The Micronucleus Assay

In mammalian cells, small bodies of extra-chromatin denoted micronuclei can be observed in the cytoplasm at interphase and represent a rare abnormality consequent to genetic damage. Micronuclei are formed at the mitotic division by two different pathways (Fig. 1): (1) a pre-existing chromosome fragment lacking the centromere and, therefore, unable to move toward the spindle poles, can decondense into a micronucleus if excluded from the daughter nuclei (Fig. 1A); or (2) micronuclei can be derived from a chromosome lagging at anaphase, as described in Fig. 1B. Micronuclei are indirect but reliable indicators of chromosome damage: their frequency increases in either in vivo or in vitro cell populations exposed to different radiations or chemicals.

From: Methods in Molecular Biology, vol. 334: PRINS and In Situ PCR Protocols, Second Ed. Edited by: F. Pellestor © Humana Press Inc., Totowa, NJ

Fig. 1. The two pathways leading to micronucleus formation after a mitotic cell division. (A) top to bottom: a cell carrying a chromosome break (indicated by the black arrow) cannot control the segregation of the acentric fragment, which can be excluded from both daughter nuclei. In the cell progeny, depicted in the frame at bottom, one cell will carry a micronucleus. (B) top to bottom: a chromosome segregation error can occur during the mitotic cell division; if a chromatid is not able to keep or maintain contact with the spindle, it will lag at anaphase and possibly will be excluded from both daughter nuclei. In the cell progeny, depicted in the bottom frame, one cell will carry a micronucleus. Noteworthy, the two mechanisms lead to the same visible result, unless the micronucleus organization is not defined by molecular cytogenetics; for example, the micronucleus will contain the centromeric sequence only after pathway (B). For details see Fig. 2.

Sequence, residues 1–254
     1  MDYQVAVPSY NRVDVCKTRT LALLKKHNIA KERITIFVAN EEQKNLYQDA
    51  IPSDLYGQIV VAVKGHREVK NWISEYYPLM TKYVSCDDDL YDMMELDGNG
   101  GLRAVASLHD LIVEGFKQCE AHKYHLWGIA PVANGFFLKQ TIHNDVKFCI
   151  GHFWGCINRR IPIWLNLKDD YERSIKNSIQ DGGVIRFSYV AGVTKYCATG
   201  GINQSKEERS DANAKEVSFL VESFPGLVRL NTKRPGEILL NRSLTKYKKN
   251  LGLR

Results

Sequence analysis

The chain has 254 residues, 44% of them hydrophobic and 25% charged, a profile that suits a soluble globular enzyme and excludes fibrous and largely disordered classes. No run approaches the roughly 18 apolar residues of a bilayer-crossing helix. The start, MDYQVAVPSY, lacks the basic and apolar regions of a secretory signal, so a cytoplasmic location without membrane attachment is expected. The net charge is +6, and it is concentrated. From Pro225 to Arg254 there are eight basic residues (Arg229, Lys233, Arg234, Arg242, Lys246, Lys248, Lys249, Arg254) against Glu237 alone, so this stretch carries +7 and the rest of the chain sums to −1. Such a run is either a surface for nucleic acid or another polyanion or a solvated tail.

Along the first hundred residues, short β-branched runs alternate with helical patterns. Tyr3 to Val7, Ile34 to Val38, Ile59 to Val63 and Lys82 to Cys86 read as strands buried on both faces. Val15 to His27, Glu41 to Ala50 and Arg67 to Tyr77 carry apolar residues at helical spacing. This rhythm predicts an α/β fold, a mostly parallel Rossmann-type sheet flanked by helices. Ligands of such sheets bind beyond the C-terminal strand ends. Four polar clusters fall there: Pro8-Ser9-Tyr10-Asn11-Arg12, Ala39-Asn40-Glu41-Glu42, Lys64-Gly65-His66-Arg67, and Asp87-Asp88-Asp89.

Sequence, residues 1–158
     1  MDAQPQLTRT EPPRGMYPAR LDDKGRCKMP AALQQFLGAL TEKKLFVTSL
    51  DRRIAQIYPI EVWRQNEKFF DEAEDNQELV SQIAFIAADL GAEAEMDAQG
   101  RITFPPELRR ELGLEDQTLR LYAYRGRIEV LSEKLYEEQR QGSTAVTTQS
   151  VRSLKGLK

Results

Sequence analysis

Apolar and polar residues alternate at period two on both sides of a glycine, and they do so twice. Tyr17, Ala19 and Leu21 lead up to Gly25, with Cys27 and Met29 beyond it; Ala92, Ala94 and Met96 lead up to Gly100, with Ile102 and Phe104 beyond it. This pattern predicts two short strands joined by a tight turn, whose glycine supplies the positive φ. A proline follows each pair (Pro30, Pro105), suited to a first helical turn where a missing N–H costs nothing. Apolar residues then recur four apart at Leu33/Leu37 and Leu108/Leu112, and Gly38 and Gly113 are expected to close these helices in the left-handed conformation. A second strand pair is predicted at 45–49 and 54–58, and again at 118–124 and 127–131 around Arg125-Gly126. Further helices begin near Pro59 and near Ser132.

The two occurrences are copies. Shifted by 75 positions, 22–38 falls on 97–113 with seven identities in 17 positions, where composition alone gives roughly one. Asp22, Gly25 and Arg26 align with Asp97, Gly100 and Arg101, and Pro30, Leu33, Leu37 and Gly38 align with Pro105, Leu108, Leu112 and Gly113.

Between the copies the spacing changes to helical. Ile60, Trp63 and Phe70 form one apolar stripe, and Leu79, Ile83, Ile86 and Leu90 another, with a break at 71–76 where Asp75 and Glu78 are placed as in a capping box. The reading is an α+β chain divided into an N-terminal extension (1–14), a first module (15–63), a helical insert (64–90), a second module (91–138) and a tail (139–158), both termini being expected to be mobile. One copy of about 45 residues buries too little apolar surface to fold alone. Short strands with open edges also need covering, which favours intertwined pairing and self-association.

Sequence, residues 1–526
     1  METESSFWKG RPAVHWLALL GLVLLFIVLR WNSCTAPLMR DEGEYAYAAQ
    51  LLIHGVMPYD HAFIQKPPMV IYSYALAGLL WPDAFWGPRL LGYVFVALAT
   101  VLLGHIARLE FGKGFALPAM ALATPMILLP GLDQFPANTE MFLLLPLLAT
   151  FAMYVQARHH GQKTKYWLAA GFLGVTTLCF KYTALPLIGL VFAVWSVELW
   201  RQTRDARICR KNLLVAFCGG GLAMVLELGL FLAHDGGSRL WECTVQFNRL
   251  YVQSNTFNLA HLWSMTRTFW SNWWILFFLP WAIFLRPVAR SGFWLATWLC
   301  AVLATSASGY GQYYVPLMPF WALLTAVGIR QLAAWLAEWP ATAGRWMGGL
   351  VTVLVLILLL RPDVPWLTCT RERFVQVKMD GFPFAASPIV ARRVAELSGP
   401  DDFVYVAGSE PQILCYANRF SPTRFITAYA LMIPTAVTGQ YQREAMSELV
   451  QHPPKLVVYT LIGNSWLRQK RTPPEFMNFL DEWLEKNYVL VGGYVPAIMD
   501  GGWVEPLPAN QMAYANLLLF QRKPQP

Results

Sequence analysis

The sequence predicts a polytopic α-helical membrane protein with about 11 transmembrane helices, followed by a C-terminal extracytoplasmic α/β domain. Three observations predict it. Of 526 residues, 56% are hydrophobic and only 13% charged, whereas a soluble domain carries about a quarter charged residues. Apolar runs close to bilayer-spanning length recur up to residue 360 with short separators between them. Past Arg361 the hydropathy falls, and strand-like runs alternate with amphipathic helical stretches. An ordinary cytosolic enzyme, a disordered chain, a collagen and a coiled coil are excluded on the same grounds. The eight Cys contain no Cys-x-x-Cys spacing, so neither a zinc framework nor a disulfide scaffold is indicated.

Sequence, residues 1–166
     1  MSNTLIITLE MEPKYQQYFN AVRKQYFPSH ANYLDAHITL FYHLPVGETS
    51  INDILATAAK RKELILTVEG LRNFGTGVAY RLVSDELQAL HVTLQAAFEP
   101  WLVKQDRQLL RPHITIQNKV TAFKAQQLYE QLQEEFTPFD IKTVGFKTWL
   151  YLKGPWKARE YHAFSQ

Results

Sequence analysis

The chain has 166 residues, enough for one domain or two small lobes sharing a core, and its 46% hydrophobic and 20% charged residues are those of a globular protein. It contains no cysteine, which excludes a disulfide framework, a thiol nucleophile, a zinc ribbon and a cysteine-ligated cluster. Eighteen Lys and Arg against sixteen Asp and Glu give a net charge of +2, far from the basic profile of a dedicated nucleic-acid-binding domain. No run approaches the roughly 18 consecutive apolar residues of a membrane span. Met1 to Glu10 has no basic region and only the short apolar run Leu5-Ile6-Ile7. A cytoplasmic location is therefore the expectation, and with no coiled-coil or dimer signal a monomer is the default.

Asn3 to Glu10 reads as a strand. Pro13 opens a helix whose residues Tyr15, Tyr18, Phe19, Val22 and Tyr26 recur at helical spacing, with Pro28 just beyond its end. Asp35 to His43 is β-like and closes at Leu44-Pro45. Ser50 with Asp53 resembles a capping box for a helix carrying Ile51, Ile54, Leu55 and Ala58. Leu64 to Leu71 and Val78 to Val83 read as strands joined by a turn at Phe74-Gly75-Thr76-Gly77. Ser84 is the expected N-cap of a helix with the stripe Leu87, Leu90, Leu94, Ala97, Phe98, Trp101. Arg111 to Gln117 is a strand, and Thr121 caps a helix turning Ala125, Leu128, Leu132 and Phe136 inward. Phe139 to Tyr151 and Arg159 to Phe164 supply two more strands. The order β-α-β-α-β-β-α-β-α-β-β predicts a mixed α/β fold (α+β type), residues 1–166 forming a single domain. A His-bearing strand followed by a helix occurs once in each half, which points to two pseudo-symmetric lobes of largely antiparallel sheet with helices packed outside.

Fig. 1. The two pathways leading to micronucleus formation after a mitotic cell division. (A) top to bottom: a cell carrying a chromosome break (indicated by the black arrow) cannot control the segregation of the acentric fragment, which can be excluded from both daughter nuclei. In the cell progeny, depicted in the frame at bottom, one cell will carry a micronucleus. (B) top to bottom: a chromosome segregation error can occur during the mitotic cell division; if a chromatid is not able to keep or maintain contact with the spindle, it will lag at anaphase and possibly will be excluded from both daughter nuclei. In the cell progeny, depicted in the bottom frame, one cell will carry a micronucleus. Noteworthy, the two mechanisms lead to the same visible result, unless the micronucleus organization is not defined by molecular cytogenetics; for example, the micronucleus will contain the centromeric sequence only after pathway (B). For details see Fig. 2.

Thirty years ago, a micronucleus assay in in vivo proliferating rodent cells was proposed as a simple experimental procedure for the identification of chemical and physical agents affecting genome stability (1,2). In contrast to the direct chromosome aberration analysis in metaphase spreads, the micronucleus assay is fast and does not require skilled personnel. For these reasons, a great effort has been put to validate and improve the methodology with respect to the original proposal. At present, the micronucleus assay is a well-established and widely applied approach to evaluate the effects of potential mutagenic agents in several cell types in vivo (3) and in vitro (4).

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